I love Mary Glickman’s novels because she writes about little-known Jewish populations in the rural South, but always features cross-cultural love stories. In her first three novels, some of which I reviewed here (including one of my favorite photos with an author) and here, her main characters are Jewish and African American.
Her latest, however, isn’t part of her previous series and takes place during the 1830s Trail of Tears. An Undisturbed Peace (Open Road Media, 2016) is just as compelling as her other books.
Abrahan Sassaporta is a young Jewish man who arrived in the US from lower-class London to work for his uncle Isadore. Known as Abe in the US, he peddles goods door to door in rural North Carolina. No matter how much he sells, though, he cannot seem to pay off his debts to his uncle. These debts only grow when Isadore sends for Abe’s mother. Now Abe has to pay back that debt on top of his own.
Around that time, Abe meets a stunning native American named Dark Water who also goes by the Anglican name of Marian. She also spent time in England, where her father sent her to learn the ways of the white man so she would be primed to marry one upon her return. She had different ideas, however, and fell deep in love with a slave named Jacob.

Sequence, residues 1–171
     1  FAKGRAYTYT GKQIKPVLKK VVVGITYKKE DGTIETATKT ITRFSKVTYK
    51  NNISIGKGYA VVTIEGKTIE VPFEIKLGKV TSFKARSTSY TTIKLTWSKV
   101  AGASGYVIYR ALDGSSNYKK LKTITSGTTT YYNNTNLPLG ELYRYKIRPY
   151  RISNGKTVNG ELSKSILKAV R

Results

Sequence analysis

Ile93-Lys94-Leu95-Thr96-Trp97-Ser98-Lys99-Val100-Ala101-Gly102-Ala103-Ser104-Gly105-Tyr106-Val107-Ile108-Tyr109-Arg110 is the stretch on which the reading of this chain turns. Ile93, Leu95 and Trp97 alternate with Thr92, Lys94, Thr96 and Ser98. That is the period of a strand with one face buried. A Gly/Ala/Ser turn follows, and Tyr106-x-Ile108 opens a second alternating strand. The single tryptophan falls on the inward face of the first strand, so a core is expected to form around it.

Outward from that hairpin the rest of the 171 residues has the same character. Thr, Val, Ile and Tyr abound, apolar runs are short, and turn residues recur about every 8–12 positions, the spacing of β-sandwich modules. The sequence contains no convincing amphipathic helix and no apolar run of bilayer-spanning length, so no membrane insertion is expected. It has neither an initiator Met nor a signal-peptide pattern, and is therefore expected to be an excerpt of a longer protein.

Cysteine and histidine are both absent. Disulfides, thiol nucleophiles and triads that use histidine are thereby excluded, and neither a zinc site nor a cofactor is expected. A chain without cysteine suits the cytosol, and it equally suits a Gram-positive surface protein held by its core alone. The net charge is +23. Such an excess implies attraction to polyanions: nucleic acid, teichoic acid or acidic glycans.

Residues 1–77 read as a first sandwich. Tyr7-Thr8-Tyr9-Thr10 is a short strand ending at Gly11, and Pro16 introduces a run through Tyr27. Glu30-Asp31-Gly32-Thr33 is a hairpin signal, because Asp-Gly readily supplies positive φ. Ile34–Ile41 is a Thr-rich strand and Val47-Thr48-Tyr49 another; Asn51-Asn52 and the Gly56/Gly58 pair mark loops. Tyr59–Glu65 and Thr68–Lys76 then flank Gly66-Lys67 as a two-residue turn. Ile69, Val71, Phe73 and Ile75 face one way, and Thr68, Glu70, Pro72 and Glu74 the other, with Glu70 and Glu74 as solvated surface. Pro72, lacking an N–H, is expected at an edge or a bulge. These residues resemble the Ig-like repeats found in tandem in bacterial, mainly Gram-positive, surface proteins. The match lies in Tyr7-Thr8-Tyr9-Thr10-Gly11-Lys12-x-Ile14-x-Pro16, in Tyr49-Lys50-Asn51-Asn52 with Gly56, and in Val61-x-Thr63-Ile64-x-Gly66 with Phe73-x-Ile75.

Abe’s, Jacob’s, and Marian’s paths cross and their stories intertwine as Abe’s family places pressure on him to marry. Although Jews were outsiders in 1830s North Carolina, they didn’t tolerate intermarriage.
The story is gripping and tragic and Mary Glickman at her best. She’s a fabulous historical novelist, as she’s proven in her previous books. But what really makes them special are the love triangles and unrequited love stories. An Undisturbed Peace is just that and so much more.